Creating and Integrating Design Systems with StencilJS

A step-by-step guide to building and distributing a design system built with StencilJS

Photo by Danae Paparis on Unsplash

I’ve recently written an article about the fundamentals of StencilJS and how to get started with it to write reusable Web Components.

In this article, instead, I want to deep-dive on the use-case that led to the creation of Stencil by the Ionic team: creating reusable design systems.

While it’s entirely possible to build fully-featured apps with Stencil alone, this toolchain makes an ideal companion for bigger frameworks for creating truly reusable components.

Indeed, it allows us to build components that are:

  • extremely small
  • performant out-of-the-box
  • reusable with any framework, or no framework at all
  • future-proof

In this article, we will see:

  • how to scaffold and build a Stencil components project
  • the details and the anatomy of a Stencil design system
  • leverage CSS variables to theme our components
  • how we can integrate the component with other frameworks such as Angular

Scaffolding a Components Project

The Stencil CLI helps us scaffold a new project without having to manually create any configuration.

To start, we run the following command:

npm init stencil

The CLI will prompt you what sort of project you want to build, and we can choose component.

Once the project is created, we can simply run npm start and start tinkering with our components.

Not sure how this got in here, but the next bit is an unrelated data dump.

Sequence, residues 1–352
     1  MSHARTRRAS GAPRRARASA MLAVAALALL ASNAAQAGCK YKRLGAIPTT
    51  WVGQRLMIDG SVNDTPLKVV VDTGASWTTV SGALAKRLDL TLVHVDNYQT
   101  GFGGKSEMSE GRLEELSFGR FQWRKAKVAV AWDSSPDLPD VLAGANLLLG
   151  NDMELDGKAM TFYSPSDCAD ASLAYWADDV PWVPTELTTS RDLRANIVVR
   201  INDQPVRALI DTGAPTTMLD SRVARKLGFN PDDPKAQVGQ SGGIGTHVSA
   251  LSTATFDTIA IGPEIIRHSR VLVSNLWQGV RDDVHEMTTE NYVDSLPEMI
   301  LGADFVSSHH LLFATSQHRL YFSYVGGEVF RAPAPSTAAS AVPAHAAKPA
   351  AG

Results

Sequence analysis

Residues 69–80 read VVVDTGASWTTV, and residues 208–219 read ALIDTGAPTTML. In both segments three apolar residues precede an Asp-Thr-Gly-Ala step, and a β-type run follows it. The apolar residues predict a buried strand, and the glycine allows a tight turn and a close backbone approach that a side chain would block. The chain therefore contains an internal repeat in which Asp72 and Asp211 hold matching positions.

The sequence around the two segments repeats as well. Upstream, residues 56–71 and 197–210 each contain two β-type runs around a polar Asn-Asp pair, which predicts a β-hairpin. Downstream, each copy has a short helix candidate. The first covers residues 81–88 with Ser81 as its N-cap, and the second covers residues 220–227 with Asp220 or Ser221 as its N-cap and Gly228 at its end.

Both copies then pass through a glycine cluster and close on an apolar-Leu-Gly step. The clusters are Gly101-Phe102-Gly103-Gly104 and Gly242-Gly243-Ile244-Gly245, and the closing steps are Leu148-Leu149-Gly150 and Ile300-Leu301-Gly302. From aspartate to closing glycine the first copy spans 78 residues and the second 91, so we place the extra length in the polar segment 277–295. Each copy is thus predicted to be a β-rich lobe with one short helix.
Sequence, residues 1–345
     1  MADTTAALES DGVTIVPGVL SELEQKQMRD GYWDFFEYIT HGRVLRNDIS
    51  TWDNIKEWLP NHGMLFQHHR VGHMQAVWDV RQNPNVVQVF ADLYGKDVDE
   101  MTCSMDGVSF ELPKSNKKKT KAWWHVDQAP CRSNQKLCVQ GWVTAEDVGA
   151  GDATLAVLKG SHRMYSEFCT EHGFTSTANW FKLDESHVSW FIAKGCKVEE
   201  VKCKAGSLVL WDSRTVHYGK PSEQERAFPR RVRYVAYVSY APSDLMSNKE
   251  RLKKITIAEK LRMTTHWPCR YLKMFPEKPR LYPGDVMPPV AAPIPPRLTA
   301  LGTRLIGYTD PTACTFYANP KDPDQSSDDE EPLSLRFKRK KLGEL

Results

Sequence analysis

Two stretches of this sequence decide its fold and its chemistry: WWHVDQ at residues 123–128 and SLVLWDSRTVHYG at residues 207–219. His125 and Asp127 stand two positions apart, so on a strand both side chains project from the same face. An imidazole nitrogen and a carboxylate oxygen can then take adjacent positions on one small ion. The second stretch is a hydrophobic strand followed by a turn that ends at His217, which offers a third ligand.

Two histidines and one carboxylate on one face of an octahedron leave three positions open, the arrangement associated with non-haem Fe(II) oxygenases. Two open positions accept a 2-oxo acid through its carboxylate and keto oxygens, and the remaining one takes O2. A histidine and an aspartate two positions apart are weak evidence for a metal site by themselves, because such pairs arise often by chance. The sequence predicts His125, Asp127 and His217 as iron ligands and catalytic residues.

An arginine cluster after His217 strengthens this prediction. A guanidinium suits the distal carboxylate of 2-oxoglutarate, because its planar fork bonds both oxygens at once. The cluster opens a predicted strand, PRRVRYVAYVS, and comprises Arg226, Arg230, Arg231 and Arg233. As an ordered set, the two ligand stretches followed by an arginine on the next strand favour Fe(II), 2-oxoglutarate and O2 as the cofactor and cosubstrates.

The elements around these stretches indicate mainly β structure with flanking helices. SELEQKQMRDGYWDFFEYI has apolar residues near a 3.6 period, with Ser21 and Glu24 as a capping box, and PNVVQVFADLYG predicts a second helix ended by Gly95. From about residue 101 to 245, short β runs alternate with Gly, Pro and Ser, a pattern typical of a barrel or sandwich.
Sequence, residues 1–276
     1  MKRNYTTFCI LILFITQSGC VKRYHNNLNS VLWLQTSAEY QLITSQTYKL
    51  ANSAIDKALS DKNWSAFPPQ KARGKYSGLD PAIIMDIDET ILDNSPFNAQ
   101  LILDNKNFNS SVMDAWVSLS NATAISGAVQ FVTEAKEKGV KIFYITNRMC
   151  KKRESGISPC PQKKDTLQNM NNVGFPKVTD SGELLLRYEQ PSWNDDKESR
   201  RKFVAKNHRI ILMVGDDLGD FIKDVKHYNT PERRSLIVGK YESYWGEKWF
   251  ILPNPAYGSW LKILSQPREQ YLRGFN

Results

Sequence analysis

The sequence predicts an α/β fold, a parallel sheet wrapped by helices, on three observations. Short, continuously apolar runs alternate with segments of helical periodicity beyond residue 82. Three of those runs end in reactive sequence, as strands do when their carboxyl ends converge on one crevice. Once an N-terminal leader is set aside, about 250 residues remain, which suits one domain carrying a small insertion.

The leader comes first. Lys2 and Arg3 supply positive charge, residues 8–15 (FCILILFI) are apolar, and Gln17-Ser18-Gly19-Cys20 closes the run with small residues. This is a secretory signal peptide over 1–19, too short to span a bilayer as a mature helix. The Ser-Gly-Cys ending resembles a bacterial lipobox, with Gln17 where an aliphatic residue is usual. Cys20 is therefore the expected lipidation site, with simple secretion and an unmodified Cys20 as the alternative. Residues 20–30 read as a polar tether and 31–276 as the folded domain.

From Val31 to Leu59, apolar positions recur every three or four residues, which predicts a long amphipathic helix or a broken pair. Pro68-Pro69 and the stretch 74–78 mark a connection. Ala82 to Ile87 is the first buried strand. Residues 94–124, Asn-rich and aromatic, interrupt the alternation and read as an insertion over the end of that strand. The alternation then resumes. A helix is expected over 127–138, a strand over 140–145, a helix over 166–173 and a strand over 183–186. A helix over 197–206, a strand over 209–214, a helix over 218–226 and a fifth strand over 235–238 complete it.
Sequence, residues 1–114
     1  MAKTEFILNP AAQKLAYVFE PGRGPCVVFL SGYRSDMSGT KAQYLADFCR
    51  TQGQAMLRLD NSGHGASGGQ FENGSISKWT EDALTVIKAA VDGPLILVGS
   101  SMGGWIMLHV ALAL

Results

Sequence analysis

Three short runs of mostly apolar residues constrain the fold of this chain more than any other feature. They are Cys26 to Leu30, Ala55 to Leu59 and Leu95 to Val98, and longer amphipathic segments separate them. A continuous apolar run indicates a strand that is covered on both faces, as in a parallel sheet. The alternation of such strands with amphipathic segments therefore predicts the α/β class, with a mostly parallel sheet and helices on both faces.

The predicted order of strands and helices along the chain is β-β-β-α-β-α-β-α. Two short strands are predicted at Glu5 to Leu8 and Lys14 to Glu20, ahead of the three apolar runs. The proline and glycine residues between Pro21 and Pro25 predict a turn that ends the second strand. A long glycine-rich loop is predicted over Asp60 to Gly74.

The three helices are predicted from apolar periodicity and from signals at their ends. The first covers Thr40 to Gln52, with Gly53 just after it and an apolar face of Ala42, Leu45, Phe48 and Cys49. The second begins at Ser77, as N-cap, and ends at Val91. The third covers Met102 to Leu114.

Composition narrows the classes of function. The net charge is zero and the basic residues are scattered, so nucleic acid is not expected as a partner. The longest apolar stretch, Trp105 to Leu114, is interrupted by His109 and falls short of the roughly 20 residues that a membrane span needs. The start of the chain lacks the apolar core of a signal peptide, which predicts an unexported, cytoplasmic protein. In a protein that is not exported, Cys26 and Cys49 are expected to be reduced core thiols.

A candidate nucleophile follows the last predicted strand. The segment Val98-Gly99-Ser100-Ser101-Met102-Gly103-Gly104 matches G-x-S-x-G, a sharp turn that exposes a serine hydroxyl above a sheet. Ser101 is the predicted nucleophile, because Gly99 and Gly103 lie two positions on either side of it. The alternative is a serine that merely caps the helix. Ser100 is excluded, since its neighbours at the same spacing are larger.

Anatomy of a Stencil Components Project

Let’s take a look at what Stencil generated for us, so we can understand better how it works under the hood.

The most important places to look at from the image on the left are the following:
/src/components
/src/components.d.ts/stencil.config.js

The folder src/components contains all the components we’re going to build with Stencil.

The file components.d.ts contains the Typescript type declarations automatically generated by the Stencil compiler.

The Stencil configuration is used for setting up the outputs and passing some information to the compiler.
It needs almost no manual intervention.

In the next paragraphs, we will see how the distribution folder is created and how we can integrate it with other existing codebases.

Creating a Collection of Components

Running the project for development

In order to run and try out the components, we don’t need to set up anything else. You can simply run the following command:

npm start

This command will call the Stencil CLI in watch and dev mode and will serve the file /src/index.html that we can use to test our components.

Creating our Component: my-button

Let’s start creating our first component, called my-button. This is the standard reusable button in our design system.

We create two files inside the folder components/button:

  • button.tsx
  • button.scss
import { Component, h } from "@stencil/core";

@Component({
tag: 'my-button',
styleUrls: ['./button.scss'],
scoped: true
})
export class ButtonComponent {
render() {
return (
<button>
<slot />
</button>
);
}
}

For the styles, let’s go with something minimal and simple:

button {
background-color: #42a5f5;
color: #fff;
padding: 12px 24px;
border-radius: 4px;
outline: none;
font-size: 1em;
border-color: transparent;
font-weight: 500;
font-family: sans-serif;
cursor: pointer;